There are certain truths which we hold to be self-evident. Man’s equal and unalienable rights, for instance. Single men in possession of large fortunes must be in want of wives. To every action there is always an equal and opposite reaction. And if you are planning on the weather to be perfect for whatever reason—it won’t be.
This applies to all kinds of weather. Most people desire sunniness on a regular basis, but the need for a clear day increases when you’re planning an outdoor wedding or bar mitzvah. Or perhaps you hope to make a journey to the local coliseum for a football game and don’t want to sit in a puddle the whole time. Or, ladies, you’re prepping in the morning for a date at night, and the humidity destroys all hope of your hair looking like anything other than a drowned rat.
Maybe you’re praying for rain. We’ve been doing a lot of that over the past few summers here in Anytown, since we’ve endured a drought for several years and a few of our rivers are turning into creeks and lakes have dwindled to puddles. During the spring especially, when the pine and oak trees are shedding pollen in sheets and all that’s required is a good rain to settle the dust and keep us from sneezing constantly.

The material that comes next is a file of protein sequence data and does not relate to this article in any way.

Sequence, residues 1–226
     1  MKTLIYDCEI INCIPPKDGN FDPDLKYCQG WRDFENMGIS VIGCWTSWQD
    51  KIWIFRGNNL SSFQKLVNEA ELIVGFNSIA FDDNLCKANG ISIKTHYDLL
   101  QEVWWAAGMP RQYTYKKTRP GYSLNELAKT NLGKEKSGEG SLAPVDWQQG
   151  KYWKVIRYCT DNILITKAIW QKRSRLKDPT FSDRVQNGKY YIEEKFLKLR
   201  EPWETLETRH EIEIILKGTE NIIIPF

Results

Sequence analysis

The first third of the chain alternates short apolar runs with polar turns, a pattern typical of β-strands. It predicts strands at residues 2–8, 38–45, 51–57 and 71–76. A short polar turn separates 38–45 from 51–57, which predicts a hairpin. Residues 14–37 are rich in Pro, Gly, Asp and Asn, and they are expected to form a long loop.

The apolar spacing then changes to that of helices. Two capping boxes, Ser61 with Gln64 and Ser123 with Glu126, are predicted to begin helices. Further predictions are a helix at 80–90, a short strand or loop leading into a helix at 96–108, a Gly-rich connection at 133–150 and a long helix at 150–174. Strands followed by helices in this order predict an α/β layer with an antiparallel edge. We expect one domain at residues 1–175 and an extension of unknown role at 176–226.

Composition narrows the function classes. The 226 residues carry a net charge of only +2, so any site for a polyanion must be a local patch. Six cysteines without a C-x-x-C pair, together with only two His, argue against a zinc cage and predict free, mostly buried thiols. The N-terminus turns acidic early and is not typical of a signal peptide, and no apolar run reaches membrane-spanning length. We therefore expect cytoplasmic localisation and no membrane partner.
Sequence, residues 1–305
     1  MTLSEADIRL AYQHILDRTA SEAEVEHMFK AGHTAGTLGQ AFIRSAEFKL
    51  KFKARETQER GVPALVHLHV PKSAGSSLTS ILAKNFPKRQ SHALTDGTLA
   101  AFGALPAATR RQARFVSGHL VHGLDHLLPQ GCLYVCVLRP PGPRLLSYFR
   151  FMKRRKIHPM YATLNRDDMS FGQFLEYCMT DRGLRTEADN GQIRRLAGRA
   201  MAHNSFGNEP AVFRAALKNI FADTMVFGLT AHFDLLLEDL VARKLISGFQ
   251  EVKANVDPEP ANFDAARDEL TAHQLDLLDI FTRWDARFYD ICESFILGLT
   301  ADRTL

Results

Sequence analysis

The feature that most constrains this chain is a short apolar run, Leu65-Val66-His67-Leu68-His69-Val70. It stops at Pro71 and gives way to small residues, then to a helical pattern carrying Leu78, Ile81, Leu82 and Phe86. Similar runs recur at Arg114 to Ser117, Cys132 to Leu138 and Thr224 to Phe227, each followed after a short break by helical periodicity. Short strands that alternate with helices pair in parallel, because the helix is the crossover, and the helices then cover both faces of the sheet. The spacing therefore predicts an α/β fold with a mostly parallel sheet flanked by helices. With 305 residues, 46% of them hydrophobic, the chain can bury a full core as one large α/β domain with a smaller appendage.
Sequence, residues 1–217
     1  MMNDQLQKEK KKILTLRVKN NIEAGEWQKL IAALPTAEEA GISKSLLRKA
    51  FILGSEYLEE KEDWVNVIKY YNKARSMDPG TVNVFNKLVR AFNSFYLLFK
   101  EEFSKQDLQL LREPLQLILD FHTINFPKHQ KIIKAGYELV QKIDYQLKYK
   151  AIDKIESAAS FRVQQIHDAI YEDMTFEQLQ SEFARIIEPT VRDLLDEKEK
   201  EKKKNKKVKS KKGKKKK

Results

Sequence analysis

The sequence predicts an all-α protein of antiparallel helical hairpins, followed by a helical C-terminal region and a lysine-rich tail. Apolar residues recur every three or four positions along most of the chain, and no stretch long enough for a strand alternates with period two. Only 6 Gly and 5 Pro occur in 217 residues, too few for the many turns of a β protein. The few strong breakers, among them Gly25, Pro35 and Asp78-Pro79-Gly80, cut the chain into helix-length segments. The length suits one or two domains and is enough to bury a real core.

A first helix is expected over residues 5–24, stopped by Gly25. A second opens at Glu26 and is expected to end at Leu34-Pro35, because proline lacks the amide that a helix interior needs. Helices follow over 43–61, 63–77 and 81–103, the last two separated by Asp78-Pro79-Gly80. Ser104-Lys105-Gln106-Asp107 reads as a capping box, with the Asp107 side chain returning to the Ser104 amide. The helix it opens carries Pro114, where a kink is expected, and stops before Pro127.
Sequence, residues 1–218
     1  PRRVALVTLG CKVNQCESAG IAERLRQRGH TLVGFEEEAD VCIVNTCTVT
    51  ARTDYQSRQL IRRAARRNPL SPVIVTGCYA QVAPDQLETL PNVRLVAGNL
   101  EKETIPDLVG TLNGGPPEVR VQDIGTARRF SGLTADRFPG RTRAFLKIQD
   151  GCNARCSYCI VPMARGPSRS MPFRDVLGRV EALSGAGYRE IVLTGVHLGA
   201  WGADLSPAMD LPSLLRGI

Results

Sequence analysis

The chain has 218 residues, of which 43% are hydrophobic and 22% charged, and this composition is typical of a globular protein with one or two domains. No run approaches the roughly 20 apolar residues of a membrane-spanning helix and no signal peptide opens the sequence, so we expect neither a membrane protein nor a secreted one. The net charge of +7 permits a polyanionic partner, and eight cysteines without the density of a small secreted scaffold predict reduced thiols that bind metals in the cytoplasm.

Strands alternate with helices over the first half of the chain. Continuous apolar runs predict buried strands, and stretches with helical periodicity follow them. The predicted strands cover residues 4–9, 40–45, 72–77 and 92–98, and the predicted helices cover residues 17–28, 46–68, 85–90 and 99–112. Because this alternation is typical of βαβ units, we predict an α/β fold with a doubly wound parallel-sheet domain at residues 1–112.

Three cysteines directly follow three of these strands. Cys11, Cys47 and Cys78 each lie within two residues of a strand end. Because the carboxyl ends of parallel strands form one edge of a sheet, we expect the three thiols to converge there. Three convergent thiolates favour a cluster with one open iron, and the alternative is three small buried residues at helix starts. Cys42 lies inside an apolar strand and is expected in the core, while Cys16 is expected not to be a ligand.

Of course, there’s the desire for snow. Snow has a miraculous way of shutting things down, if there’s enough of it. In the middle of a grey winter it is pleasant to exchange a day of drudgery for a day of being unable to go anywhere because the snow is piled up higher than the door.
But the thing about weather is that the more you wish for a certain kind, the less likely you are to get it. Outdoor wedding? Expect rain. Garden shed on fire? Not a cloud in the sky. Test on Friday? No snow for you.
It’s as though Murphy’s law has a weather clause.